The Ayta Magbukun of Mariveles, Bataan

Ayta

The Ayta Magbukun tribes of Bataan constitute one of the 5 main groups of Ayta tribes in Central Luzon and is the least known of all Ayta groups.

They live in the village of Biaan in Mariveles, Bataan, situated on the edge of a remaining forest cover and watershed area of Mariveles Mountain.

With countless generations of Ayta Magbukun calling this forest their home, it has become the Ayta's ecological niche.

This ecological setting has become a focal point of their existence and subsistence.

 



Basic Demography and Population Structure:

As of December 2009, the total population of the Aytas of Mariveles, Bataan is 107, comprising of 21 families. There are 63 (59%) males and 44 (41%) females, and 72 or 67% of the total population belongs to the 0-30 age group.

Social Organizations & Institutions:Ayta

Of the 21 nuclear families, 17 of them directly belong to the Maingat extended family. The remaining 4 nuclear families do not compose a single family grouping but are still in close association with the Maingat clan.

The Ayta Magbukun's Socio-Political Life:

Democratized Tribal Council, composed of elected Ayta
officials made up of one Chieftain, two tribal kagawad
(councilors), secretary, treasurer & auditors.

Ayta Magbukun culture operates through the interdependency of the Ayta's (access to) natural resources and their traditional beliefs and practices. This dependency has put the Aytas in a precarious position, for one binding factor emerges among the several facets of the Ayta cultural system, and that is - rapid change.

Road

A main road that is currently under construction can be found snaking its way through Mt. Mariveles, passing by the Ayta's village.

The Mariveles-Bagac Highway will be a main thoroughfare connecting the western municipalities of Bataan, and will also be the main access road for the future homeowners of an exclusive luxury resort, the Camaya Coast.

Recent developments such as the road and electricity are threatening the Ayta's way of life. Electricity has brought with it forms of entertainment such as videoke(a form of karaoke) that attract outsiders and has increased the Ayta's exposure to negative influences such as alcohol and gambling.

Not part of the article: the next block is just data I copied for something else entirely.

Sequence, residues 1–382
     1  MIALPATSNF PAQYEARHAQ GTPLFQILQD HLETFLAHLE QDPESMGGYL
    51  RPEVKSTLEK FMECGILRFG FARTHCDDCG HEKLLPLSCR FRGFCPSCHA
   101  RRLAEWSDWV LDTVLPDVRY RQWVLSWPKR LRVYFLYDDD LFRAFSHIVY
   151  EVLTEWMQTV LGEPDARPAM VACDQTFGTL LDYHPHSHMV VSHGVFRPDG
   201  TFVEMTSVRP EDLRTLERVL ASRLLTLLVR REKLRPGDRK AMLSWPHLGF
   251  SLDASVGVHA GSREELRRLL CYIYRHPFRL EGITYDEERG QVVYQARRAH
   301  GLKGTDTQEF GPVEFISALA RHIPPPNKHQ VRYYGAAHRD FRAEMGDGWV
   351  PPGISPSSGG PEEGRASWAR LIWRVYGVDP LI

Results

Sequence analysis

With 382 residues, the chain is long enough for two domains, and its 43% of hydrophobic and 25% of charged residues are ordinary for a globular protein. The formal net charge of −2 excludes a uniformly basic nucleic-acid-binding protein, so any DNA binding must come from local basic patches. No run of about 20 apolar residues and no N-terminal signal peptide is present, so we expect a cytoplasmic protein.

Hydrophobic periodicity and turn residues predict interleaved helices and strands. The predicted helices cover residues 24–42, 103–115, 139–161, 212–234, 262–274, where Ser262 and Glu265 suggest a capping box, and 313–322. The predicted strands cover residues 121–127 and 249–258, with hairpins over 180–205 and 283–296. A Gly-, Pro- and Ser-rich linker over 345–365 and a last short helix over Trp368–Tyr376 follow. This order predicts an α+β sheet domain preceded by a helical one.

An even greater concern is that these two new elements have made this area even more attractive to developers and lowlanders alike, thus further compromising the Ayta's claim to their ancestral domain.

It is within these changes that the Ayta Magbukun of Biaan continuously balance their way of life – challenging the Ayta's resiliency as individuals and as a society.

A closer look at Mariveles, Bataan:

mapThe Mariveles Mountains are in southern Bataan province, near the entrance to Manila Bay, and rise steeply from sea level to 1,420 m.

The area of forest coverage includes both lowland & montane forest, including mossy forest.

Currently, there has been a motion by the local government to demand that Congress place the Mariveles mountain range under NIPAS to be converted into a national park.

Bataan was declared a national park in 1945, covering 31,365 ha. The area was reduced to 23,688 ha in 1980 by virtue of Proclamation no. 1956. It is proposed a natural blankkpark under the National Integrated Protected Areas System(NIPAS)

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Livelihood Practices of the Ayta Magbukun

AytaGathering activitiesAyta

bullet point pangangalakal,pamamatibat,
or pagdadanso (women
foraging for wild tubers and
freshwater shellfish)

bullet point pamumuay (harvesting honey)


Hunting activities

pangangati (trapping Red
Jungle Fowl or labuyo)Ayta

pangangaso (hunting wild
boars and monkeys, and
very rarely, deer)

paninilo (setting traps for
wild boars and wild cats)


Other sources of livelihood:

pag-uuling (charcoal production)

wage-working for the cattle ranchers near their community

elementary agriculture, planting in their gasak (swidden fields)
sweet potatoes, cassava, bananas, etc.

 

Of these practices, two are considered the Ayta's main sources of livelihood:

Pamumuay or honey gathering

Male members of
the tribe practice pamumuay.
Ayta boys start their pamumuay training at a young age.